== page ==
Tuning

 

Particularly in barbershop singing, because of its emphasis on “ringing chords” singing in tune needs almost constant attention with most groups and people.  It’s true that some seem to almost always sing in tune but that’s probably not the norm.  Almost always when the singing is out of tune, it is flat.  Singing sharp is a rarity, usually caused by over energetic compensation for trying to not sing flat.


Here are several factors that make tuning a challenge.


1. INTERNAL & EXTERNAL

First let’s explore how people who sing in tune do it.  Probably because of extensive musical experience they hear music very strongly in their heads.  Everyone needs to hear the pitches internally before the sounds can be produced by the voice.  And if a person needs to rely on an external source such as other singers or an accompaniment before knowing what to sing, they will be late and probably out of tune - at least at the beginning for the note.  That balance between internal hearing and external hearing is an interesting one.  We can’t rely entirely on the internal if we are going to sing with others.  But the percentage of each that controls what we produce in our singing is different for different people and thus may account for the accuracy of some and the inaccuracy of others.  A major problem is that some hear their own voice as a reference and when it is not in tune, they use that out of tune note for adjusting subsequent notes.  The solution is to listen more to the sounds around us and/or our internal sense rather than what we are producing.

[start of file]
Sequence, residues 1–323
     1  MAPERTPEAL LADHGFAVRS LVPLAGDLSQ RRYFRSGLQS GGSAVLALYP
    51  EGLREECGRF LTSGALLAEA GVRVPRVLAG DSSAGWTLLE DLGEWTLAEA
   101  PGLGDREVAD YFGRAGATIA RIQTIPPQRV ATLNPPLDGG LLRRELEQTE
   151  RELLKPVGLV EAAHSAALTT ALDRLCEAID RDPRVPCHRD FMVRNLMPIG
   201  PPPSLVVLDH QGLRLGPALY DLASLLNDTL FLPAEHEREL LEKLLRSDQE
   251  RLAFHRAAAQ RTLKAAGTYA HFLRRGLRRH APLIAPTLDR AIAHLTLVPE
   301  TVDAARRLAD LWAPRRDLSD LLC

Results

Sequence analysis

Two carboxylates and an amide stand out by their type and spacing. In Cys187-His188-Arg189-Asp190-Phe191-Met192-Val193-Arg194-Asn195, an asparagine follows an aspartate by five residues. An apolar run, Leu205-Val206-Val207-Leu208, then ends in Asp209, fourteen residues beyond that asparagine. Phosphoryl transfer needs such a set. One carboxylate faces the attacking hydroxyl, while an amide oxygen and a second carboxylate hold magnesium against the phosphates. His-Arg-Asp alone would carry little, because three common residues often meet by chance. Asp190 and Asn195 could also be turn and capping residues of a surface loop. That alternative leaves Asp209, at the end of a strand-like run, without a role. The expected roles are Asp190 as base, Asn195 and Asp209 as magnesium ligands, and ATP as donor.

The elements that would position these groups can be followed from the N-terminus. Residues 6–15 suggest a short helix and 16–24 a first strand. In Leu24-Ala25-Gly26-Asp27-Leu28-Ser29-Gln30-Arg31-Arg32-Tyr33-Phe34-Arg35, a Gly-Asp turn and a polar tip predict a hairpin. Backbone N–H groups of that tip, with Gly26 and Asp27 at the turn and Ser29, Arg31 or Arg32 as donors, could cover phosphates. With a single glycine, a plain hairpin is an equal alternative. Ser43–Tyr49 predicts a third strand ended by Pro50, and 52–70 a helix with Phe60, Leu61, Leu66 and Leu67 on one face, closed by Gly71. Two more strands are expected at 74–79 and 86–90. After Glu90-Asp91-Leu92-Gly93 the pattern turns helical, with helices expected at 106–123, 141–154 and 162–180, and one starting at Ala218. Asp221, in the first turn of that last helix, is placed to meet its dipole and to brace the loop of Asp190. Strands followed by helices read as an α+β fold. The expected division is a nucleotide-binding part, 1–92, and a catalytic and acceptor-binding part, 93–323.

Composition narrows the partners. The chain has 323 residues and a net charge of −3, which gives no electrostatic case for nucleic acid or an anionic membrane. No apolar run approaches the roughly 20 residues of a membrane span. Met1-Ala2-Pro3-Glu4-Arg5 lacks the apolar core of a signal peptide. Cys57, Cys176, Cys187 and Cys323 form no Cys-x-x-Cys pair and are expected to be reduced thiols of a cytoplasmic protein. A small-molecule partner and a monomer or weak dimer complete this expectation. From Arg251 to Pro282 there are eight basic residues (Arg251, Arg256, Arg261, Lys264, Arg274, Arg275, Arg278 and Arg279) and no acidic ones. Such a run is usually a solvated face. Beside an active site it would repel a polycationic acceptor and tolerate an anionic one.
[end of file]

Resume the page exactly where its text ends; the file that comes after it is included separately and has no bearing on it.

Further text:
2. THINKING WRONG NOTES

When the singer does not know his notes very well, he may aim the jump at  the wrong note and then adjust into the correct note as he hears others.  But that usually makes the note out of tune.  A particular problem is aiming a half step off - a common bass error and then sliding in.  Obviously the solution to this problem is to learn the notes thoroughly.


 

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                                    tednorton@roadrunner.com